Middleton becomes first Wisconsin city to earn LEED Gold certification for sustainability efforts

The City of Middleton is the first in Wisconsin to be awarded a LEED Gold certification.

Middleton, Wis. – The City of Middleton is the first in Wisconsin to be awarded a LEED Gold certification. City, county, and state leaders celebrated the honor during a plaque dedication on Thursday, Oct. 6, at Stone Horse Green in downtown Middleton.

A group of people posing for a picture.

LEED, which stands for Leadership in Energy and Environmental Design, was started by the U.S. Green Building Council and is used as a rating system to set standards for cities and community’s sustainable building practices. The Good Neighbor City joined a global network of more than 150 LEED-certified cities and communities, but Middleton is the first municipality in Wisconsin to be identified.

“Climate change is a real and growing threat to our communities, and we need to take action to preserve our way of life, economy, and wellbeing,” said Senator Baldwin.“I am thrilled to see Middleton’s leadership in building a more sustainable and resilient future for generations to come.”

LEED for Cities and Communities helps local leaders measure and manage progress in community conditions for a more sustainable, resilient, and equitable future.

“Middleton’s achievement—being the first Wisconsin municipality to achieve LEED Certification and earning LEED Gold—is outstanding. I’m proud of my hometown’s commitment to lead by example, and I am confident other Dane County communities will learn from Middleton’s experience and move us even closer to our county-wide sustainability goals,” said Senator Baldwin

Through the certification program, cities and communities create and operationalize responsible, sustainable, and specific plans for natural systems, energy, water, waste, transportation, and many other factors contributing to quality of life.

“With the growing threat of climate change we are all facing, it is important for everyone to find solutions to this crisis. I’m excited to see Middleton being a leader in this effort,” said Wisconsin Representative Alex Joers.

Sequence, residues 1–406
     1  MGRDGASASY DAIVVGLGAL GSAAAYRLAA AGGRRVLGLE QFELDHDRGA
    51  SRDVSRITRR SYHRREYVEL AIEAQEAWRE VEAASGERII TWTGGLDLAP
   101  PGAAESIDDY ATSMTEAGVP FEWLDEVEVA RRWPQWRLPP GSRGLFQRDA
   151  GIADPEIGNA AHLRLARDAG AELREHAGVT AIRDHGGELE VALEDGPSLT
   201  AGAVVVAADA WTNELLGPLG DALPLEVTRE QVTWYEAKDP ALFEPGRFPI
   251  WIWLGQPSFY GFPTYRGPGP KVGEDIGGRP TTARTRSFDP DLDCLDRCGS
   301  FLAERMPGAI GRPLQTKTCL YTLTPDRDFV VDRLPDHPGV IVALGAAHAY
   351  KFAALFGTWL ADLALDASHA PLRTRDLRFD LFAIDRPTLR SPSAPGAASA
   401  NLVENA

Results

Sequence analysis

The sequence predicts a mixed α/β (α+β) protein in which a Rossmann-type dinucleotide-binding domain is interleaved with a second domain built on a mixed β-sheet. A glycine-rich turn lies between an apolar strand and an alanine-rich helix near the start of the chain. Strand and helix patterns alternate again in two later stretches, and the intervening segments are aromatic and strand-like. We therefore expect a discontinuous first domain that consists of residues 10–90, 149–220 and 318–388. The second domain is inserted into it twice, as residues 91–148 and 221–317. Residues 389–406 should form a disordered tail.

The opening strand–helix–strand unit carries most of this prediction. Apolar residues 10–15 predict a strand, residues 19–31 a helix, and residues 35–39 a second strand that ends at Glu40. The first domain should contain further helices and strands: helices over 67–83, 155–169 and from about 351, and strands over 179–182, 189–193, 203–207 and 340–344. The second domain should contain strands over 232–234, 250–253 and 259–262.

Middleton achieved LEED certification for implementing practical and measurable strategies and solutions aimed at improving sustainability and the standard of living for residents. LEED is designed to help buildings, communities, and cities achieve high performance in critical social, economic, and environmental sustainability areas.

“We are at the forefront in our fight against climate change,” said Mayor Emily Kuhn. “This framework helps us accelerate our progress on sustainability and resilience – leading the way to a better quality of life for our community.”

LEED certification helps demonstrate a city’s commitment to sustainability, human health, and economic prosperity. It helps benchmark a city’s current performance and enables Middleton to measure and track outcomes, which are evaluated against key metrics that include energy, water, waste, transportation, education, health, safety, prosperity and equitability.

“Congratulations to the City of Middleton on this achievement. I appreciate that Middleton is leading in this work that the state and federal governments are failing at,” said Representative Mike Bare.

Most notably, Middleton demonstrated excellence in green space allocation for residents, community-wide renewable energy innovation and a focus on multi-jurisdictional collaboration with the county and other cities on climate mitigation and resiliency projects.

“Middleton proves time and again that we can grow our community and economy both substantially and sustainably,” said State Senator and proud Middleton resident Dianne Hesselbein. “Our city continues to be a regional, state, and national leader and I’m proud to see our leadership recognized for their outstanding stewardship.”

The certification data also highlighted areas where Middleton could improve, including reducing water consumption, greater geographical access and connectivity to civic resources and improving distributional equity disparities in education, income and home ownership.

The City of Middleton joins a global network of more than 154 certified cities and communities.


About the U.S. Green Building Council

The U.S. Green Building Council (USGBC) is committed to a healthy, resilient, and equitable future for all through the development of green buildings, cities, and communities. For more than 20 years, USGBC has been advancing green building practices through the development of LEED, the world’s most widely used green building program. With the support of thousands of members, volunteers, and partners, USGBC provides robust green building education courses, a rigorous professional credentialing program, and advocates for effective public policies. It convenes an international network of green building and sustainability leaders through the annual Greenbuild International Conference & Expo, and forward-thinking programs, including the Center for Green Schools. For more information, visit usgbc.org and connect on Twitter, Facebook, Instagram and LinkedIn.

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Modified October 6, 2023